A recent report – published by GK Strategy – found that there is a rising demand for private healthcare and that this is being driven by the consumer preferences of patients. What is it they seek? Simple ease of access, convenience and more choice in treatments. Marie Cahalane Spoke to Louise Allen, MD of political due diligence at GK Strategy, to find out more about the report and what it means for general practice
There is increasing demand for private healthcare services in the UK a report published by GK Strategy – a Westminster-based political risk and reputation consultancy – has revealed. The cause? ‘Consumer’ preferences – austerity, for example, only plays a minor part in this shift.
The report combines GK strategy’s digital analytics with their political and policy expertise and aims to understand the ‘consumer’ and just how their behaviour is changing. “While the NHS continues to do a fantastic job delivering care – despite the pressures that it’s facing – what we are seeing is that patients are beginning to mirror what consumers have done in other consumer markets,” Louise Allen, MD of political due diligence at GK Strategy, explains.
The report indicates that patients are becoming more like consumers in their preferences – attaching value to accessibility, convenience and choice. This, Louise adds, actually reflects something that has been happening in the healthcare system for some time. “The NHS itself has really been driven by a choice or patient-led agenda, so it’s not surprising to see that trend coming through,” she explains.
Further, according to the research, this consumer-driven trend and increased demand for private healthcare is something that will continue – particularly for certain specialities which are picked up on in the report. And, as these trends continue, there is an increasing likelihood of mixing NHS and private services for patients during the same course of treatment.
According to the report, patients are seeking out private services for cancer treatment, IVF treatment and hip and knee operations at a growing rate. In fact, the research – conducted primarily using digital analytical data, using Google searches as a proxy for demand – revealed that demand for private healthcare has nearly doubled since 2013 – growing by 24% in 2016-2017 alone.
“We looked at a number of key areas – IVF, hip and knee and cancer oncology – and the trend showed that the demand for private healthcare is been driven by consumer preference; we would expect that trend to continue over the coming years,” Louise says.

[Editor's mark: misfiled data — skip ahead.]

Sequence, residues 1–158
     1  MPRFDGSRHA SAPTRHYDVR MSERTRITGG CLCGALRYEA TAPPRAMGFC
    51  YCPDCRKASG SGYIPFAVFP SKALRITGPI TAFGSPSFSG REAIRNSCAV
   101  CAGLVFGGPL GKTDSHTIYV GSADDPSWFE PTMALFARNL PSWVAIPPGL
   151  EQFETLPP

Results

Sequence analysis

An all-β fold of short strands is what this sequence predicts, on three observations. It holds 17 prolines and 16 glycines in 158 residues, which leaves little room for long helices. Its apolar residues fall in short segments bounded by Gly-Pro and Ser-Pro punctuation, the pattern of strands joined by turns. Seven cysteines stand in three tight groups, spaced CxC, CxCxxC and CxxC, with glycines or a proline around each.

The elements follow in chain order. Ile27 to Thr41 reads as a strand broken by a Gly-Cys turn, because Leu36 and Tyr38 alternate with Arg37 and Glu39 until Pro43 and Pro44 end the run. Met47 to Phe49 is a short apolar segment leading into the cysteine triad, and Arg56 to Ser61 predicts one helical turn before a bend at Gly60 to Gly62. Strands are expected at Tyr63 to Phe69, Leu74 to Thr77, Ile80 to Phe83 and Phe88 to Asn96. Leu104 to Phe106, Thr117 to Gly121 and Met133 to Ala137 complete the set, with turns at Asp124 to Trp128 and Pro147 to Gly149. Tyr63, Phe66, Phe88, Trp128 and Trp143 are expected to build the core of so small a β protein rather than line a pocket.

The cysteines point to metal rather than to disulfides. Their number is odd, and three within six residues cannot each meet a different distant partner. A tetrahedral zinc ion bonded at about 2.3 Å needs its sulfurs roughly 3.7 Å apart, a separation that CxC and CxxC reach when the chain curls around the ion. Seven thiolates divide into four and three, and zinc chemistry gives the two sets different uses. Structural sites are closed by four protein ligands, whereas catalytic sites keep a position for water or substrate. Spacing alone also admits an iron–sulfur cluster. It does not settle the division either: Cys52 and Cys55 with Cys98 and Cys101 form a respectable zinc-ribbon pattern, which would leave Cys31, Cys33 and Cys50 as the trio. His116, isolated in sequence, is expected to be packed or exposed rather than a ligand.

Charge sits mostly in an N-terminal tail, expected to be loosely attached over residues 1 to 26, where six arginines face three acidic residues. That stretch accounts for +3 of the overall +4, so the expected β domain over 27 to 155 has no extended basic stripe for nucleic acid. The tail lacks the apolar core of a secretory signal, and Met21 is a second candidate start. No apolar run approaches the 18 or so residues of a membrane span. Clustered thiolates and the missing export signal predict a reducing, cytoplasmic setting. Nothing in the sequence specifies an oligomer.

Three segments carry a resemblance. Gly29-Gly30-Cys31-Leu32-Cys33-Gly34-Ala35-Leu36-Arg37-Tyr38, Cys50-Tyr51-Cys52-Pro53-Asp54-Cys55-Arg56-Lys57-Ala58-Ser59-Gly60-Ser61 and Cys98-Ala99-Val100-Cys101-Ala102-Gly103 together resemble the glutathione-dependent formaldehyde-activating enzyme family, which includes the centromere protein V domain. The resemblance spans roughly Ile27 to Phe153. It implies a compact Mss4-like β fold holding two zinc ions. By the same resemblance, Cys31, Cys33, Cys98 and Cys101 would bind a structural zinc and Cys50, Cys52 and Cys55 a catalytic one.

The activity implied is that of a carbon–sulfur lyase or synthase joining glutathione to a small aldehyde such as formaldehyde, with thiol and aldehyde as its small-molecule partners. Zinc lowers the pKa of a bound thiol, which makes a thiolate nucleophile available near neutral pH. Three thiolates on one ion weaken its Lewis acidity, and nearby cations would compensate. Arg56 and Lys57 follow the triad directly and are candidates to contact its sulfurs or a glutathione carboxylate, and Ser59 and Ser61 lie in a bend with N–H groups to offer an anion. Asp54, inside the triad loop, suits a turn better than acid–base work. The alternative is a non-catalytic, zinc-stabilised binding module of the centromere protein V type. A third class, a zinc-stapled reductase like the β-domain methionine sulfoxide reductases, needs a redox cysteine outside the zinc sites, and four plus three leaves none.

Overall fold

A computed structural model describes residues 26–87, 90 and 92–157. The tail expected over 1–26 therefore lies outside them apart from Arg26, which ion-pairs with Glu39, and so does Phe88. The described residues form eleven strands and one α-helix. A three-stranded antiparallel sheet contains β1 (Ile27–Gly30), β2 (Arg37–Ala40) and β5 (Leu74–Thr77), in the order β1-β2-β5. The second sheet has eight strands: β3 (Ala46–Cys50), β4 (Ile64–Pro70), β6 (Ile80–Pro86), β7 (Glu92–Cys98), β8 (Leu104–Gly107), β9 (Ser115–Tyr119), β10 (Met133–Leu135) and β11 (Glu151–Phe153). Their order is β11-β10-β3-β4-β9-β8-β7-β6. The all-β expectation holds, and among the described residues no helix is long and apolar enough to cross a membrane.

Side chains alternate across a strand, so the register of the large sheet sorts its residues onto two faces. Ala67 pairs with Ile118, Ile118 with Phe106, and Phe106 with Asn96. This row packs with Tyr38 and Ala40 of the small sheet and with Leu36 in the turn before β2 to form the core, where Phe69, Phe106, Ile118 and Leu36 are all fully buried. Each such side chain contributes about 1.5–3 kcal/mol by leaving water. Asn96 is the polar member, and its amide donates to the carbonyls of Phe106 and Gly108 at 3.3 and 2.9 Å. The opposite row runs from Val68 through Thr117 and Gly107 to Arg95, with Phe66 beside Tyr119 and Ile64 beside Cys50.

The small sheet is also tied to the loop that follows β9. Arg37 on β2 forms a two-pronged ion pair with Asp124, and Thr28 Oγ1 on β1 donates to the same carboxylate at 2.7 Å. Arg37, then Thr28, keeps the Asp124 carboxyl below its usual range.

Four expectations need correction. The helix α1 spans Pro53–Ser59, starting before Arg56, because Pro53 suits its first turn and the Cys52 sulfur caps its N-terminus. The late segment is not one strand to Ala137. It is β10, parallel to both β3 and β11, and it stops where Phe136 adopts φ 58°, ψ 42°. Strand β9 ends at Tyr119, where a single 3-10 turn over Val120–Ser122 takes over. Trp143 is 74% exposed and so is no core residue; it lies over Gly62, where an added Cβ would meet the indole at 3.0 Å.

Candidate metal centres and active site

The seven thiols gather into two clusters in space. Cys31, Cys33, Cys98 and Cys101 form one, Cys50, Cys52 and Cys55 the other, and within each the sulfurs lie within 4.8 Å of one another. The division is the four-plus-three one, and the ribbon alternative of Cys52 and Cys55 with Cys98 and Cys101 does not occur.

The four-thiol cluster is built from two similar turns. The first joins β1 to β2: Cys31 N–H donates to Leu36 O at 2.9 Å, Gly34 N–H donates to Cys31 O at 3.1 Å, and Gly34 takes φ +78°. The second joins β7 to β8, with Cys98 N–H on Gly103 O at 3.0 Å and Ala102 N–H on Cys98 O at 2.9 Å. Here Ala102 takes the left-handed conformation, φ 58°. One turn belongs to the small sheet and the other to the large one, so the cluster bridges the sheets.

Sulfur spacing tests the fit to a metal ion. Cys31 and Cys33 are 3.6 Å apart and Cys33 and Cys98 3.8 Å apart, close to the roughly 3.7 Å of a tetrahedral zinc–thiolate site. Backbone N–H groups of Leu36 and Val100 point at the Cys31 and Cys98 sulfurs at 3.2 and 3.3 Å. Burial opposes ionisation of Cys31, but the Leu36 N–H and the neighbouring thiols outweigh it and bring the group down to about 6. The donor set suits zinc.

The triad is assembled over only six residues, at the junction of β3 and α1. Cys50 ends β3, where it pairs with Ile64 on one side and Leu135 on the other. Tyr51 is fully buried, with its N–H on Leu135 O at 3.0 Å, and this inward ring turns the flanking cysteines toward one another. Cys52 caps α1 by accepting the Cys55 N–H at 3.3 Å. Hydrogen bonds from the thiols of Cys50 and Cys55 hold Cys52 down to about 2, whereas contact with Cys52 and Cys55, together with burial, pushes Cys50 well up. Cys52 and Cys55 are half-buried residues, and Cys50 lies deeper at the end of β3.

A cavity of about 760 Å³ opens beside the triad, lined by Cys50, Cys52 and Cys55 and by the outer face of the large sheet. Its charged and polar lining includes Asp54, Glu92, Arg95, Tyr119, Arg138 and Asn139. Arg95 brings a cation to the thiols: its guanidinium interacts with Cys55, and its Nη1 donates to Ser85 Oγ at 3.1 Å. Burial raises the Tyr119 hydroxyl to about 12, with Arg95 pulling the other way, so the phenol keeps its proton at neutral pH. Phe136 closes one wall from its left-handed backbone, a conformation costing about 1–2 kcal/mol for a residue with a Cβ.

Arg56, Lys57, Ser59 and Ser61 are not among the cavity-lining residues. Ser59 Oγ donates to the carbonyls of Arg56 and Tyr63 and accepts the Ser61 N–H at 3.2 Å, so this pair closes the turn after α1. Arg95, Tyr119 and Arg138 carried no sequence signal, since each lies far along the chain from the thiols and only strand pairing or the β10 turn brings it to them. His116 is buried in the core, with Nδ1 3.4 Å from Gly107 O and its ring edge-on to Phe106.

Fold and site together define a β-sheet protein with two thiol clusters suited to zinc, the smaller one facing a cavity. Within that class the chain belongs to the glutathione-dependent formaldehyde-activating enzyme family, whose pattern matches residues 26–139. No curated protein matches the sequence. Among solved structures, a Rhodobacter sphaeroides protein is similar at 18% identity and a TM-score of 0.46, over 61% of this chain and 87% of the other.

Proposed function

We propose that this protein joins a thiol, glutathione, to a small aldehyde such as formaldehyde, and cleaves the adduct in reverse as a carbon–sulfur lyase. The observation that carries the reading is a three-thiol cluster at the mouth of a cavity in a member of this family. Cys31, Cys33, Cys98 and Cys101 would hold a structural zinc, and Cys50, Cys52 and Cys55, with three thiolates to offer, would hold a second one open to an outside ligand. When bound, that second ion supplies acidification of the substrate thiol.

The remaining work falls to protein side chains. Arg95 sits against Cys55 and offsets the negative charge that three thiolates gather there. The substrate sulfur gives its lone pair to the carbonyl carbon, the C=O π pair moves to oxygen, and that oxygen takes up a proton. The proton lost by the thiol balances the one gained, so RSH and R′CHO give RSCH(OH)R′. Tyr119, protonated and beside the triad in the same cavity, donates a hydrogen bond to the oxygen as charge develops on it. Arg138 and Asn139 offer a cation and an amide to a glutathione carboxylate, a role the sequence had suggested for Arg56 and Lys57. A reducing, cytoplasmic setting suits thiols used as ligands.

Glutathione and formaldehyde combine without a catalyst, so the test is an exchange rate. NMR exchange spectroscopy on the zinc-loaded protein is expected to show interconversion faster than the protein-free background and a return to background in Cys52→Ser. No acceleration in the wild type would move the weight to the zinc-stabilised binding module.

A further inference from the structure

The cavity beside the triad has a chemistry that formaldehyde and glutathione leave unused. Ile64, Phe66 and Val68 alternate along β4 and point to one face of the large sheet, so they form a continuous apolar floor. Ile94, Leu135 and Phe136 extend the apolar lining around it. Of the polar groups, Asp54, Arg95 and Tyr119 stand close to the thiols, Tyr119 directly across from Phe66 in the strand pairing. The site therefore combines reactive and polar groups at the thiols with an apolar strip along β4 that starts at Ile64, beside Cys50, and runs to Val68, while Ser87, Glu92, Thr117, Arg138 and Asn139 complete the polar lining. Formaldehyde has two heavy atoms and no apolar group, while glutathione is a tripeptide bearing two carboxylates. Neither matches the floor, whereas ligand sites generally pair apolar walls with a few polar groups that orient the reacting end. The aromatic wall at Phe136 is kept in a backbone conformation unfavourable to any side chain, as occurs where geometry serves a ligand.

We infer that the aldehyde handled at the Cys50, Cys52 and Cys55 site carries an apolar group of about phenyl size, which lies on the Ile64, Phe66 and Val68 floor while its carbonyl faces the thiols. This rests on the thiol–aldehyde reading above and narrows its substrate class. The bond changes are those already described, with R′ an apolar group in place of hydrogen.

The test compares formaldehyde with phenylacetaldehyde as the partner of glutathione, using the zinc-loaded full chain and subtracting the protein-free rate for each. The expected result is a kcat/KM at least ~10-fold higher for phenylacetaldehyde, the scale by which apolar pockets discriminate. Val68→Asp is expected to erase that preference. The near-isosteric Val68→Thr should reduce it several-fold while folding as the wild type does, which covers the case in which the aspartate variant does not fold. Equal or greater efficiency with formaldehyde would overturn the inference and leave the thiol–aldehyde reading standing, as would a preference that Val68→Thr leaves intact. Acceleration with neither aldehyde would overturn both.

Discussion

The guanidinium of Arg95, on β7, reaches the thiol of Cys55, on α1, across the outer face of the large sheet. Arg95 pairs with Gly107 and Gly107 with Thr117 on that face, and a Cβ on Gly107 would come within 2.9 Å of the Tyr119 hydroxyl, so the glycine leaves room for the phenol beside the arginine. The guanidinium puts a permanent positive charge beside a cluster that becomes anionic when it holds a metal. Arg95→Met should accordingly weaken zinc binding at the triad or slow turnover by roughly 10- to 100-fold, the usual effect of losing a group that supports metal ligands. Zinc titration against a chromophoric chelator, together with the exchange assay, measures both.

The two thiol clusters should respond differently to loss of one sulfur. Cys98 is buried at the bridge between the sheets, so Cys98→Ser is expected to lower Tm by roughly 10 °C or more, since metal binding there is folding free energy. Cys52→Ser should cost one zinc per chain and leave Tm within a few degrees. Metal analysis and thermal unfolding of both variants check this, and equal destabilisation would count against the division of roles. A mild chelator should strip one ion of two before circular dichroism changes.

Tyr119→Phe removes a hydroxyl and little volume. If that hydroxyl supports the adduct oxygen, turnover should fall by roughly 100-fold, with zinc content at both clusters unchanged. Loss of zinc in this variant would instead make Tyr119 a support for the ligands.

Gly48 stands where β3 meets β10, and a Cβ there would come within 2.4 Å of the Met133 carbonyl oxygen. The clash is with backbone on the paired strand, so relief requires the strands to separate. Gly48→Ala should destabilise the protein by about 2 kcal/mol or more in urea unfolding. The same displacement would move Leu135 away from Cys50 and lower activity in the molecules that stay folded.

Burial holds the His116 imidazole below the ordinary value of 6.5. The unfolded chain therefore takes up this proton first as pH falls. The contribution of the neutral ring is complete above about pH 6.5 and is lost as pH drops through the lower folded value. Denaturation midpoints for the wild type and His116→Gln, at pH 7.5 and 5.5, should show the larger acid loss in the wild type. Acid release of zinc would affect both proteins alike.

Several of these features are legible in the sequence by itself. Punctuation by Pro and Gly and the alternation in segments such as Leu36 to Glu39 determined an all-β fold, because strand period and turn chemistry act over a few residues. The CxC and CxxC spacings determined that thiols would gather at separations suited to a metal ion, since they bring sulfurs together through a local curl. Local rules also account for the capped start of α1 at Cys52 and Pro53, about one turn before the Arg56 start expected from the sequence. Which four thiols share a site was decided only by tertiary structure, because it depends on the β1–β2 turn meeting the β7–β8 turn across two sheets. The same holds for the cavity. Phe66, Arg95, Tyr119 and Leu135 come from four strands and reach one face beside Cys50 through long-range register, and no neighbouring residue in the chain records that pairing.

The report highlights the following trends in each of these three areas:
- 39% of patients discussing choosing private provision online refer to the improved availability of treatment in the private-pay market.
- This is despite just six CCGs across the whole of the UK being unable to offer an IVF service of any
- However, rationing and restrictions are increasing, meaning private healthcare is becoming more of an attractive option.
Hip and knee replacements
- The number of NHS procedures has remained relatively stable over the last few years, around the 71,000 mark.
- One key issue stated by patients considering going private was the lack of availability of NHS treatment due to high demand for services, with 40% of patients going private mentioning that it played a role in their decision making.
- 42% focused on the ease of access and convenience that the private-pay market provided.
- 32% of private-pay patients choose to do so due to availability of different drugs/treatments.
- Google searches for private cancer treatment have increased by 63% since 2013, from 197,000 to 321,400.
- This despite increases in NHS funding for cancer which has benefited from the seven per cent growth rate in budgets for specialised clinical commissioning and waiting times for both referral and treatment remaining stable.
“What the report absolutely demonstrates is that the NHS does a fantastic job; it’s just more about the evolving consumer and what they are looking for in their healthcare preferences which is impacting, or changing, demand,” Louise notes.
While the report considers these three areas in particular, when asked whether this trend is reflected across all areas of healthcare, Louise points out that healthcare is really very personal and that people want personalised care; there’s already an element of private care within the NHS so it’s something that is well-established and is something that is likely to continue. “Our working assumption would be that, over all areas, there is a shift in demand towards private healthcare that is being driven by consumer preference in relation to choice, convenience and access,” she says.
“It’s about looking forward and gauging what a future healthcare ‘consumer’ will look like and it’s about the ability of general practices, primary care, hospitals, businesses and the like to respond to that changing consumer and patient,” Louise observes. This is something that everyone involved in the delivery of healthcare should be considering.”
Knowing your current patients is always important, but knowing – and understanding – future patients and their demands is a sure way of delivering efficient healthcare that meets demand. “It’s about the healthcare system, as a whole, adapting to the changing consumer/patient, which is already a process in motion,” Louise adds.
Stay tuned for further research on private GP appointments